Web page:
New Arms Deal Claim Emerges
Mail and Guardian
As Auditor General Shauket Fakie defended the final report of the arms deal investigation before Parliament on Wednesday, a new allegation emerged of irregularities in the awarding of subcontracts.
Briefing the standing committee on public accounts (Scopa), Fakie maintained that media claims of omissions and "doctoring" in the final report were unfounded, and impugned the dignity of his office.
He again called on the watchdog committee to protect the integrity of his office.
Fakie said the draft and final reports on the probe into the multibillion-rand deal differed only in style and format, and that the executive did not, in any way, influence the content of the report.
"I want to state categorically that due process was followed and that no changes were made to the report based on pressure from the president or the executive," he said.
The deal was investigated by the auditor general, the public protector and the Directorate of Public Prosecutions, who found no evidence of unlawful conduct by the state.
However, a new allegation emerged at Wednesday's hearing that African Defence Systems (ADS) changed their tender after the closing date, ensuring they secured a subcontract over C²I² Systems.
Democratic Alliance MP Nigel Bruce produced a letter showing ADS was allowed to drop their bid from R32,4-million to R29,64-million a day after the deadline for final bids, thus allowing the company to undercut the rival offer.
The C²I² bid was R30,4-million, including a 13% management fee.
ADS and C²I² were competing for a contract to supply the system management system of the combat suite for the South African navy's four new corvettes.
Later in the proceedings, the auditor general said ADS had made a mistake with its figures and had been allowed to change their tender, but offered to report back to the committee to clarify the issue.
Speaking to reporters after the hearing, C²I² MD Richard Young said the letter clearly showed that the price was reduced after the closing date.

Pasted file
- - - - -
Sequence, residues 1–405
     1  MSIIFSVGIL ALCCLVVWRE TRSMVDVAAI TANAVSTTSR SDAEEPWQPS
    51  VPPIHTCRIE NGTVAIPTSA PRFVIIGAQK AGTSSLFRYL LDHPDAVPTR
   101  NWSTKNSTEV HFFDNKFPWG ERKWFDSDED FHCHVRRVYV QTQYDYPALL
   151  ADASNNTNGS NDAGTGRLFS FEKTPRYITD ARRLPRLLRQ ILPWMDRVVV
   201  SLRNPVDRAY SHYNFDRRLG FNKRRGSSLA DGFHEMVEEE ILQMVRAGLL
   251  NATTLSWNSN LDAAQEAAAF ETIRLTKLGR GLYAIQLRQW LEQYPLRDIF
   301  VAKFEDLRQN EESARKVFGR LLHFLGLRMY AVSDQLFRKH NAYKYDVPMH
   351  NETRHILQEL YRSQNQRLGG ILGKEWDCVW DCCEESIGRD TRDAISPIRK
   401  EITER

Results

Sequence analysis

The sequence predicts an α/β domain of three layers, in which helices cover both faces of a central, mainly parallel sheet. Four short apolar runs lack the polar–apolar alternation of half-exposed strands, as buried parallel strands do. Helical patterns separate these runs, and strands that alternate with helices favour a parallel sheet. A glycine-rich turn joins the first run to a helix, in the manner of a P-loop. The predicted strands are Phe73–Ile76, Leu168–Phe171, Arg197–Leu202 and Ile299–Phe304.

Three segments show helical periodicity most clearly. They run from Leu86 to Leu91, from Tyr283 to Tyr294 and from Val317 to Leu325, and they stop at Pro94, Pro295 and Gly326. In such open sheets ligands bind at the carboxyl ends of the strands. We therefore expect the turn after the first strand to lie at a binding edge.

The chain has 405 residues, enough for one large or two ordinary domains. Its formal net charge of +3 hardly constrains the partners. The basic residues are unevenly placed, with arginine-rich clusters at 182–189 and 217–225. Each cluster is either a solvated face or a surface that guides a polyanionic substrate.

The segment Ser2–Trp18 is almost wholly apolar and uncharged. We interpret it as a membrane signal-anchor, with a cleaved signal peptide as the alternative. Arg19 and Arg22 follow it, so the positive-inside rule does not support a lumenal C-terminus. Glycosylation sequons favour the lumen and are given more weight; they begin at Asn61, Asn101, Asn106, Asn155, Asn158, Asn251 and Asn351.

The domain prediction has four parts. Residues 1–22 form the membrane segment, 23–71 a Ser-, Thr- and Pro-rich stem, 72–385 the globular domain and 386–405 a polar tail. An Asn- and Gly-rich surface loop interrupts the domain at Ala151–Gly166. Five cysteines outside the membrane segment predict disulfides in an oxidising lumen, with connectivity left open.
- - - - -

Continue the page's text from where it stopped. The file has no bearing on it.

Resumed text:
He said a series of letters between ADS and the Department of Defence showed how its offer price had come down from an original R65-million.
The documents had formed part of a set of files received from the auditor general's office three weeks ago, in line with a court order.
"If he [Fakie] thinks he is off the hook, I'll tell you what, his problems have only just started," Young said, describing the letter as a "smoking AK47".
C²I² is suing the government over losing out to ADS for subcontracts related to the corvettes.
The Department of Defence's then head of acquisitions, Chippy Shaik, was found to have had a conflict of interest, in that his brother, Schabir, had links to ADS.
Earlier, in the hearing, Fakie refuted suggestions that investigators could make conclusions in the final report that deviated from initial findings.
"If anything was to be influenced, there had to be major collusion between the three of us, to be able to take anything out of the report or for any editing to take place."
At any particular point in time, there were between 50 and 60 people working on the various chapters of the report, including up to five independent audit companies.
Fakie said he had at no time breached his mandate to Parliament or the Constitution.
"At no stage during the investigation did I do anything, or participate in anything, that would have breached any of my constitutional mandates that have been trusted upon me."
The auditor general said "mistrust" among the public and the media started when the Special Investigating Unit, then headed by Judge Willem Heath, had been excluded from the probe.
Scopa chairperson Francois Beukman said the committee would evaluate the auditor general's responses, as well as a legal opinion received regarding the media allegations, before presenting a resolution to the House.
The legal opinion, commissioned by Beukman, found that claims that the final report was doctored were not unsubstantiated.
Referring to Young's allegation, Bruce said in a statement that unless Fakie could satisfactorily explain why a potentially criminal act was glossed over in his report, the claim that the final report was conclusive and exhaustive would fall flat.
"The letter itself could be enough to warrant a further substantive investigation of the arms deal by an ad hoc committee of Parliament," he said.
With acknowledgements to Sapa, Parliament and the Mail & Guardian.